What makes Turkey's authoritarianism, especially the AKP's, so hard to battle, is that it is covered with a thin layer of democracy.

Such a polished dictatorship can't be fought with most of the opposition groups that Turkey has to offer. For example, what qualifies as "opposition media" nowadays? There are the papers and TV channels tied to Fethullah Gülen, a U.S.-based religious leader who hardly ever speaks in public and denies being in politics at all but who was once Erdogan's close ally. And there's an ultra-nationalist pamphlet that just rants against Erdogan without any smart journalistic skill.

Even worse: none of the groups in society who feel represented by these media actually offer a solid alternative to the AKP. And that includes the biggest opposition party, CHP, which is divided between those who still believe in old-fashioned Kemalism, which invented state-centrism, and those who try in vain to be proper social democrats. No wonder they haven't been able to challenge the AKP in any way since the AKP won its first elections in 2002.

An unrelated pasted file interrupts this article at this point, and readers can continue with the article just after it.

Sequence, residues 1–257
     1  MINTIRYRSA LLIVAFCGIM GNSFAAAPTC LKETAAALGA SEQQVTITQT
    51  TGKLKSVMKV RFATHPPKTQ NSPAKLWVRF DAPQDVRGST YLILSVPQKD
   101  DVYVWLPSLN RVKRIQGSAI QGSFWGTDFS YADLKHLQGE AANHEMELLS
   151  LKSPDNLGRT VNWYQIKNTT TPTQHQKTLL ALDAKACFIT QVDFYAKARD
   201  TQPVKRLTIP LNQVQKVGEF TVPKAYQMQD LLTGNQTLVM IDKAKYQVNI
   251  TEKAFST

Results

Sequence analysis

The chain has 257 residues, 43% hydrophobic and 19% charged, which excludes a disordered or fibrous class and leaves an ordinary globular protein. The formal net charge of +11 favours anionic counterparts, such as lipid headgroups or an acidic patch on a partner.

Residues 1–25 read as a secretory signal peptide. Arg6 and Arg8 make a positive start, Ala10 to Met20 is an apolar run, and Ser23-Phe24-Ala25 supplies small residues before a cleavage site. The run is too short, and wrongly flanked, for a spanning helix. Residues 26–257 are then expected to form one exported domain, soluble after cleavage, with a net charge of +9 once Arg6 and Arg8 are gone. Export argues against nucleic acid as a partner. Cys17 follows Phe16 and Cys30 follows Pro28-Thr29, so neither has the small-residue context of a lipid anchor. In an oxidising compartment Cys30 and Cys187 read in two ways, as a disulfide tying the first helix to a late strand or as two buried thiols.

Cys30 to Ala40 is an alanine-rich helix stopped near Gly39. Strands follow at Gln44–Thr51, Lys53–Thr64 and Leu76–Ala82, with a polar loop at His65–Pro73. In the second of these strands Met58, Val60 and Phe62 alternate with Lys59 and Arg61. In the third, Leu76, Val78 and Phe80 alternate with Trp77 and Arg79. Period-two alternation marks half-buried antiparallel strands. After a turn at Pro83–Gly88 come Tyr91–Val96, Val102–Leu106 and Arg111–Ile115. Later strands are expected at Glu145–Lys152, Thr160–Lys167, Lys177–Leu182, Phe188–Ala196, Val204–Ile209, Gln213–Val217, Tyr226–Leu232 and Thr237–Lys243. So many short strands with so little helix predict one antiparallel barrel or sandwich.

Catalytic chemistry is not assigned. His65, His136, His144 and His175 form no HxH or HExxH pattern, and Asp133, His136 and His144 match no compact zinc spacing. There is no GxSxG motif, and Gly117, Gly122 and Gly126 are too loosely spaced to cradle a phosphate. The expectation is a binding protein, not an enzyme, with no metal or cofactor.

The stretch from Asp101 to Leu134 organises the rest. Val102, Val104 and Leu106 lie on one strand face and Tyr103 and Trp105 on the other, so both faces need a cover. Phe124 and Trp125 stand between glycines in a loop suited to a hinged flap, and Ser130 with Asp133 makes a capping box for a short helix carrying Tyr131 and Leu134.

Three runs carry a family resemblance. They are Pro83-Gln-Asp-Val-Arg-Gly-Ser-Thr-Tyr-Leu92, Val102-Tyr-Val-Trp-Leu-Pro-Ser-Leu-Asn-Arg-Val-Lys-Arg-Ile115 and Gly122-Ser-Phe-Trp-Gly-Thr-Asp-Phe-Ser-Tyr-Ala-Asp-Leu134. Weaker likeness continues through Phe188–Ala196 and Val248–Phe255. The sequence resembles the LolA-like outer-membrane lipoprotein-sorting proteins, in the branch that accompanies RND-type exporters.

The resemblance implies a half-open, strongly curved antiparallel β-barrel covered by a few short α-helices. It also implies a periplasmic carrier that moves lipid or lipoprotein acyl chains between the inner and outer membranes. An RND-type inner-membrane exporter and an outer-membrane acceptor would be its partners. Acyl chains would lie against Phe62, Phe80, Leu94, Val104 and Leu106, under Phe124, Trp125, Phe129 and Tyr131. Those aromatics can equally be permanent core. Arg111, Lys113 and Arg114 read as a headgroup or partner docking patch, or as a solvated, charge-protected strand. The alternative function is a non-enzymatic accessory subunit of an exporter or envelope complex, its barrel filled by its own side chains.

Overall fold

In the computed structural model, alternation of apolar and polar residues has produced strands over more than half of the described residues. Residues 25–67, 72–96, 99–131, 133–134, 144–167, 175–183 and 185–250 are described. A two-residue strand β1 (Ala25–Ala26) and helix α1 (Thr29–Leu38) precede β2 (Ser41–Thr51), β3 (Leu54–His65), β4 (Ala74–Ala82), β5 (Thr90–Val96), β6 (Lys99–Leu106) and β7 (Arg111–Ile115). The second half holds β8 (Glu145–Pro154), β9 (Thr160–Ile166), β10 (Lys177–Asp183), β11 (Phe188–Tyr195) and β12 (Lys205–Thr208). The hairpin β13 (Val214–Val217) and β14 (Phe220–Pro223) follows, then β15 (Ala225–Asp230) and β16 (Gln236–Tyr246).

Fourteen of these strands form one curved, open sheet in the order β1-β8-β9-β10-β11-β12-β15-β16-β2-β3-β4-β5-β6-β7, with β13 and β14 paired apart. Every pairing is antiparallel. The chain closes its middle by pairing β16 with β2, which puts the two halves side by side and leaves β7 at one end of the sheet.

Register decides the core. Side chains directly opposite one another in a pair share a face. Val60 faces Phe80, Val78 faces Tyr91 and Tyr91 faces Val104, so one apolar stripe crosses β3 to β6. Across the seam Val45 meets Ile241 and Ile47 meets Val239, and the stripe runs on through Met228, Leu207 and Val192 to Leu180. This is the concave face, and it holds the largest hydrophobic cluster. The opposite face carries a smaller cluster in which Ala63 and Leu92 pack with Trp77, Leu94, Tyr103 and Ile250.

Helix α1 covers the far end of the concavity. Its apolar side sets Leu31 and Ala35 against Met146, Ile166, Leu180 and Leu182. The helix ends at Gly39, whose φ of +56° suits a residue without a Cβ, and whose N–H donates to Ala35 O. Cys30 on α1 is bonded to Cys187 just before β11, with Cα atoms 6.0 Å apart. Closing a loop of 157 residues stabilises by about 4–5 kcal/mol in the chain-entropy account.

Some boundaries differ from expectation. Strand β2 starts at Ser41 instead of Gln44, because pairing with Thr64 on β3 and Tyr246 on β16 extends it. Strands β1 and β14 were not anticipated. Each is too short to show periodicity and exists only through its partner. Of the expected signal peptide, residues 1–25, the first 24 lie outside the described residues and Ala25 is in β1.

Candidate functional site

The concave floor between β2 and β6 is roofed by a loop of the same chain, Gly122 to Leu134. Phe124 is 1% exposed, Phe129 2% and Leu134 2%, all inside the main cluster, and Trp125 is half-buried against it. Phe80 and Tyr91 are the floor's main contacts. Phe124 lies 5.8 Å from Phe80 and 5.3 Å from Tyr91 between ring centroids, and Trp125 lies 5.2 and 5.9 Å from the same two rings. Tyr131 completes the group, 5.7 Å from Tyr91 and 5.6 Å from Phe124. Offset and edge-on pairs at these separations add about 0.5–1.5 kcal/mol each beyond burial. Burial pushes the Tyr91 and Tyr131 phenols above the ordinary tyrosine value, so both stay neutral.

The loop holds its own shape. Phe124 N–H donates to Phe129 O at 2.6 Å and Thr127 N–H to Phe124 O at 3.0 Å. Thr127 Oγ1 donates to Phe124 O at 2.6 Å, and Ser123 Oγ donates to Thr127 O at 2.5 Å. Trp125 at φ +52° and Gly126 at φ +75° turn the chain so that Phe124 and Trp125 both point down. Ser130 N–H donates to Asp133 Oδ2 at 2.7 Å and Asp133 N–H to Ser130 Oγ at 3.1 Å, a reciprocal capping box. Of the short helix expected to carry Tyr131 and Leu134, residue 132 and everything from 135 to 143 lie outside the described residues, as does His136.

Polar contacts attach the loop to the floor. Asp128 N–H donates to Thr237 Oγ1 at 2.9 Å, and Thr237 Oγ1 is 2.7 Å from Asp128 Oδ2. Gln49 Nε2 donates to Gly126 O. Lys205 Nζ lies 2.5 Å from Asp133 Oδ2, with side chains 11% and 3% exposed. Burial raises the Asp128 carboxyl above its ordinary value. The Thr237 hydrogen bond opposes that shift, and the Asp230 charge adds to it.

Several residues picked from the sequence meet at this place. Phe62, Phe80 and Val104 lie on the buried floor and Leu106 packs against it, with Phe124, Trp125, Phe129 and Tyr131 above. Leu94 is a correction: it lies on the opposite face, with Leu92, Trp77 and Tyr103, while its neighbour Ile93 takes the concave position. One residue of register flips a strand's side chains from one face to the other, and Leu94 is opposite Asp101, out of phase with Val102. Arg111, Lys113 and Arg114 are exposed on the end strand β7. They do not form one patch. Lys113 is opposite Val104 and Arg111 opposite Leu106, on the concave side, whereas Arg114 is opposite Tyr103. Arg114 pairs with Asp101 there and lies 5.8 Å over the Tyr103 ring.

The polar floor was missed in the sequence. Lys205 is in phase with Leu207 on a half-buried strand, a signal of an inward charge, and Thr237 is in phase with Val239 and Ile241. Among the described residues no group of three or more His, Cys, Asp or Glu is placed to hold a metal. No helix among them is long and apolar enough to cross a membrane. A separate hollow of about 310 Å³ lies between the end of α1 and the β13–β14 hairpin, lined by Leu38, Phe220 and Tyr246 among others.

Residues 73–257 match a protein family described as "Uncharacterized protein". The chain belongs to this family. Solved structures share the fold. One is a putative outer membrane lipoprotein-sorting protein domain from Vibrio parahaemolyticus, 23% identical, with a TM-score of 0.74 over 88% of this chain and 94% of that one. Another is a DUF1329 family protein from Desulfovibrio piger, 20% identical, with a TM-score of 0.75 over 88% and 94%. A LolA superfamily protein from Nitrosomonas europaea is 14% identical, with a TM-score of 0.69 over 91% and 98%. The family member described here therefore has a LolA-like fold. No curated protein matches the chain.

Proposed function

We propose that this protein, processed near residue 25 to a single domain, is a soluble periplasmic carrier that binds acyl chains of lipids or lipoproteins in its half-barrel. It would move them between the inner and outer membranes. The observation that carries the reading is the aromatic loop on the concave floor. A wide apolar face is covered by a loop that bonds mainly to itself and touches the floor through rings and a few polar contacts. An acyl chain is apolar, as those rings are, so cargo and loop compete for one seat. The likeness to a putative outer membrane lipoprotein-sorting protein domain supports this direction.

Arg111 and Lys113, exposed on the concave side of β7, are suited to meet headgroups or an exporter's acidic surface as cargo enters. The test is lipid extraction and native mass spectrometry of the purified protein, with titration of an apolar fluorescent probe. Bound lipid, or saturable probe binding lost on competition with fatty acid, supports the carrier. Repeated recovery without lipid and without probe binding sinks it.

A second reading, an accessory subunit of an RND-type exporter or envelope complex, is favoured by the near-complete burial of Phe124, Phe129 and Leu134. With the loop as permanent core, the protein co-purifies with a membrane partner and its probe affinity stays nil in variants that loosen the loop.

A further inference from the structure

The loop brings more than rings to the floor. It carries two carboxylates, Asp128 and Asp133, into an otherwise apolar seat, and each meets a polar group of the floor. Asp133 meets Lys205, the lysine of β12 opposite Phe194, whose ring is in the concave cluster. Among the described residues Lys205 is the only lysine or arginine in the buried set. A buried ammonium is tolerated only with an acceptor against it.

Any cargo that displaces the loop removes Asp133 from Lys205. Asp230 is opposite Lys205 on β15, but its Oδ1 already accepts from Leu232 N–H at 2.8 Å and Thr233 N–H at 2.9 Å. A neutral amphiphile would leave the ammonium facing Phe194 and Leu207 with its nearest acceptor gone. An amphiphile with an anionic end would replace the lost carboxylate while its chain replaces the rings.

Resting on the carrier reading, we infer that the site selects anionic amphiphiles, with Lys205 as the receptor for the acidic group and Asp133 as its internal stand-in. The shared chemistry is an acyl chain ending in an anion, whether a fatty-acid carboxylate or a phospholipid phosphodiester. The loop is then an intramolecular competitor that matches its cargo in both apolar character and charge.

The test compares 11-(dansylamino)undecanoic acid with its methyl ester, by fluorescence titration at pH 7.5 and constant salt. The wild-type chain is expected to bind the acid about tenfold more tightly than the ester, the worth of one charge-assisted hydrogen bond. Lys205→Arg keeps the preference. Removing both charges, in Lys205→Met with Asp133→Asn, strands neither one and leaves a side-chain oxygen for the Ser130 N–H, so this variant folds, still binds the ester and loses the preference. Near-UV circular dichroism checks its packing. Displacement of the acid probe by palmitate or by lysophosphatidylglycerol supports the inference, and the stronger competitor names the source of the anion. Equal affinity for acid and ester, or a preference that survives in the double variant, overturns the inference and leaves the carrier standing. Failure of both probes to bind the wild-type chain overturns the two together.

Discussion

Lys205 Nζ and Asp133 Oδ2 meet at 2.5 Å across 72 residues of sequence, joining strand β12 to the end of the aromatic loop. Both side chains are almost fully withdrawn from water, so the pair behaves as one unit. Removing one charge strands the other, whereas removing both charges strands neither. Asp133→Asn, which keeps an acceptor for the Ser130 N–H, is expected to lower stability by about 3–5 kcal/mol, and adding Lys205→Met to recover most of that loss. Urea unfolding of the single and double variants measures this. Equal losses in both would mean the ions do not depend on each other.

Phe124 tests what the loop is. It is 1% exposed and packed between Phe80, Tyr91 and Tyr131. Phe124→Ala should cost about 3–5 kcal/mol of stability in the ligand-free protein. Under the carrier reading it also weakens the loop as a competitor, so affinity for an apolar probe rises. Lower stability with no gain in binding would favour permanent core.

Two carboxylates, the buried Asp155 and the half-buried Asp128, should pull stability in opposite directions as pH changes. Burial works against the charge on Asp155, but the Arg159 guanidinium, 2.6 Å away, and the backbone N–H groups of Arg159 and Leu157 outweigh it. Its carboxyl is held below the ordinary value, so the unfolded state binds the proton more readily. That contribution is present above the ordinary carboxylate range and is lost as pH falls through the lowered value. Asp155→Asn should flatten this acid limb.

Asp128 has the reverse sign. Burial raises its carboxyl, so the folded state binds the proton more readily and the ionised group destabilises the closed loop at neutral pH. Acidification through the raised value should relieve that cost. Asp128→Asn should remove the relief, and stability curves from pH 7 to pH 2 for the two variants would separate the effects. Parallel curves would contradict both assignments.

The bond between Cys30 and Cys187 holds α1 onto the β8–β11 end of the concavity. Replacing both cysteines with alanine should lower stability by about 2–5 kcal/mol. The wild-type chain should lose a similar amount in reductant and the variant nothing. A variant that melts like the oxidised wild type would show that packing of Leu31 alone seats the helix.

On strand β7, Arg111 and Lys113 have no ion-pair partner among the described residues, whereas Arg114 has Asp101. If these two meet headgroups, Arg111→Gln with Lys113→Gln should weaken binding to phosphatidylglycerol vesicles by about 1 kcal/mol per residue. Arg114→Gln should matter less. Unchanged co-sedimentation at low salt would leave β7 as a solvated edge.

Smart, slick dictators like Erdogan can only be undermined by a party -- or better yet, a movement -- that is well-organized and persistent. Turkey has such a movement -- the HDP. Its roots go back some 40 years, when eyes were already wide open to the realities of the Turkish state. In those days, it was just a small group of rebellious women and men who later became known as the Kurdistan Workers Party (PKK), but over the years they have grown into an extremely well-organized, resilient and persistent mass people's movement with clear objectives (grassroots democracy, equality, pluralism).